Therapists often reference the 8 circles of wellness to allow for balance and positive mental health and professional goals is only ONE of those pillars – so obviously working all the time is not a way to live a healthy life. Many companies are recently starting to recognize that balance and mental health are important for retaining productive employees. They are incorporating mandatory scheduled breaks and leaving the office (or the WFH desk) at the actual daily quitting time.
Speaking of working from home, now it’s difficult to avoid overworking and setting boundaries, so defining guidelines for yourself that you won’t read or respond to messages during your scheduled off-hours is imperative. If you do respond at all hours, it sets your supervisor’s expectations that you are always available and perpetuates the chain of hustle and grind. It’s also very important to take at least one or two days off each week and take a restful and restorative vacation each year.
If someone sets an intention for the week and they plan what work will be done, then a disciplined person can indeed benefit from that sense of hustle. This requires the ability to stay true to themselves on what they planned and being mindful of other parts of their life and not just work – friendships, family, service, faith, etc.
Sometimes, you need to have the expectation in certain careers that there are times for you to hustle harder than others, for examples doctors on the ER rotation, realtors on weekends, and students during finals. When you know that certain shifts and times of year are busier than others then you can have the right mindset to know to expect that and you can offset some of your self-care for the slower times.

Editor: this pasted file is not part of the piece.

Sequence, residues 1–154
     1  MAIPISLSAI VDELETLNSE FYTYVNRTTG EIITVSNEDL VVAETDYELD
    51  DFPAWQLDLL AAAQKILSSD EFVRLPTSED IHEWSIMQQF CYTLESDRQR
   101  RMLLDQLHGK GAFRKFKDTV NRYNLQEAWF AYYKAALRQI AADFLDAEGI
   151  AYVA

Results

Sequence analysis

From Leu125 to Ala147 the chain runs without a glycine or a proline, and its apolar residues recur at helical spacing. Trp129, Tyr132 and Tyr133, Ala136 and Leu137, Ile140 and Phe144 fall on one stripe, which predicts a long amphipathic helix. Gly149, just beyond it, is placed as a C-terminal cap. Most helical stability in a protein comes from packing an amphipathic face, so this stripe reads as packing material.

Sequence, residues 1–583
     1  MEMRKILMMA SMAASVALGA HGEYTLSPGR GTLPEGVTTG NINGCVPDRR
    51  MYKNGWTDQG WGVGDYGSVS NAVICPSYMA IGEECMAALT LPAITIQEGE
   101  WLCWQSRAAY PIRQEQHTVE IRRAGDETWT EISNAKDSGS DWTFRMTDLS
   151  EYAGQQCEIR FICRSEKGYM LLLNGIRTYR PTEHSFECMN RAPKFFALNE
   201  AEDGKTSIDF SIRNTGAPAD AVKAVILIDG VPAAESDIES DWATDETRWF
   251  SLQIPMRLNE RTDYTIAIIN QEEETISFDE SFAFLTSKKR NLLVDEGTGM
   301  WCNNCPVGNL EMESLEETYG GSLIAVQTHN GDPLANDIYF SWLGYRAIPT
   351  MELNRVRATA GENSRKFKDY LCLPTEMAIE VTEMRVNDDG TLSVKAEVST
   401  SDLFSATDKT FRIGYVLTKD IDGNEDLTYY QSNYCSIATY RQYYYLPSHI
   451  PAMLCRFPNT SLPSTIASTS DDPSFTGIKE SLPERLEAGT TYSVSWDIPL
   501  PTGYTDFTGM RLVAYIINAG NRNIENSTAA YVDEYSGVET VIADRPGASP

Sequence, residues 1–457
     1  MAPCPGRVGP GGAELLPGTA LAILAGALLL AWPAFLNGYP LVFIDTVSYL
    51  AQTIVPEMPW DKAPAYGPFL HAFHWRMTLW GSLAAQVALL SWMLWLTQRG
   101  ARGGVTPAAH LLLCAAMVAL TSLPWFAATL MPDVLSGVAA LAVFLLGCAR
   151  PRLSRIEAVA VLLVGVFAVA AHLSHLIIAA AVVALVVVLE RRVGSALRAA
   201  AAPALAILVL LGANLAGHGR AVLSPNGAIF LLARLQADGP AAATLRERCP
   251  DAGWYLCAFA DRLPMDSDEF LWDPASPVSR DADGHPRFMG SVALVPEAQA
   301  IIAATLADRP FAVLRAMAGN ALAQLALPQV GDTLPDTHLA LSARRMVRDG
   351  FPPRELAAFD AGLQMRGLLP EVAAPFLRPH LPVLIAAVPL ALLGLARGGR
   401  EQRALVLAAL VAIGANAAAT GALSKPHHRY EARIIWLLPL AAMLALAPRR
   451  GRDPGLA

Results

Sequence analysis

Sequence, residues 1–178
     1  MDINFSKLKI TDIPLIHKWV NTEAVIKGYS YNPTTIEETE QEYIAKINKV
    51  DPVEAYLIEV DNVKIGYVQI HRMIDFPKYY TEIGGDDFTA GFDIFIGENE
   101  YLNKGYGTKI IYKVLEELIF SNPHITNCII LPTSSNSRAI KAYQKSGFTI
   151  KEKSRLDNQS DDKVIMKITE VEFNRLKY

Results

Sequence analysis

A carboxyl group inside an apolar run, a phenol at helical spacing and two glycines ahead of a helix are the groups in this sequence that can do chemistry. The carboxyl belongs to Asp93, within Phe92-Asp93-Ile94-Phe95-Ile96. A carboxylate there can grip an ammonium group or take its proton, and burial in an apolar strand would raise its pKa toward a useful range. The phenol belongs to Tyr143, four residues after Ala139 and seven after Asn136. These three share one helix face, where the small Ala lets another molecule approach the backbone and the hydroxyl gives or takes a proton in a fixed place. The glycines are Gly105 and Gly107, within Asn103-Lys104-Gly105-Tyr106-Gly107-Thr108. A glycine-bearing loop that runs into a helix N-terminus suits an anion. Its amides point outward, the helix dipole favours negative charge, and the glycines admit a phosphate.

If you don’t set aside time to care for yourself, your mental and physical health will eventually suffer.
It’s imperative that you make and take the time to do things that are completely unrelated to work. This can be things like watching TV for an evening, preparing healthy meals, exercising regularly, getting enough sleep, laughing with friends, reading fiction, getting outside and appreciating nature, etc. And I can’t believe I haven’t said this directly until now, but you need to set boundaries with your work so as not to let them intrude on this self-care time, because they will surely try if you allow them. Remember, self-care isn’t selfish!